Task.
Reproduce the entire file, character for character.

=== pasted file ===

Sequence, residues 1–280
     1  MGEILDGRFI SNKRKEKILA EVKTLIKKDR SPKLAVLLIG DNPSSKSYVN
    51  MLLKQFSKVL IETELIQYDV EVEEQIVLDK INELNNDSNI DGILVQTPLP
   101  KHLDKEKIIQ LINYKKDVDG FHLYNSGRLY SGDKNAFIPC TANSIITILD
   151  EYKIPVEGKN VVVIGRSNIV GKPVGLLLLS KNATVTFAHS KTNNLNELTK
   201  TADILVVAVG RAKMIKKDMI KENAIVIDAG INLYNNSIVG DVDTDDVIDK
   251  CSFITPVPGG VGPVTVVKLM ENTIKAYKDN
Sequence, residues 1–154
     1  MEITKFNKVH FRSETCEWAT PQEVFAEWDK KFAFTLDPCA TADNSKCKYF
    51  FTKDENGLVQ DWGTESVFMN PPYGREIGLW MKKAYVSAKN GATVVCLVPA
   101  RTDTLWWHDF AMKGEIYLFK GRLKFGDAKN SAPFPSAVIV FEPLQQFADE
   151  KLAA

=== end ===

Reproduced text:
Sequence, residues 1–280
     1  MGEILDGRFI SNKRKEKILA EVKTLIKKDR SPKLAVLLIG DNPSSKSYVN
    51  MLLKQFSKVL IETELIQYDV EVEEQIVLDK INELNNDSNI DGILVQTPLP
   101  KHLDKEKIIQ LINYKKDVDG FHLYNSGRLY SGDKNAFIPC TANSIITILD
   151  EYKIPVEGKN VVVIGRSNIV GKPVGLLLLS KNATVTFAHS KTNNLNELTK
   201  TADILVVAVG RAKMIKKDMI KENAIVIDAG INLYNNSIVG DVDTDDVIDK
   251  CSFITPVPGG VGPVTVVKLM ENTIKAYKDN
Sequence, residues 1–154
     1  MEITKFNKVH FRSETCEWAT PQEVFAEWDK KFAFTLDPCA TADNSKCKYF
    51  FTKDENGLVQ DWGTESVFMN PPYGREIGLW MKKAYVSAKN GATVVCLVPA
   101  RTDTLWWHDF AMKGEIYLFK GRLKFGDAKN SAPFPSAVIV FEPLQQFADE
   151  KLAA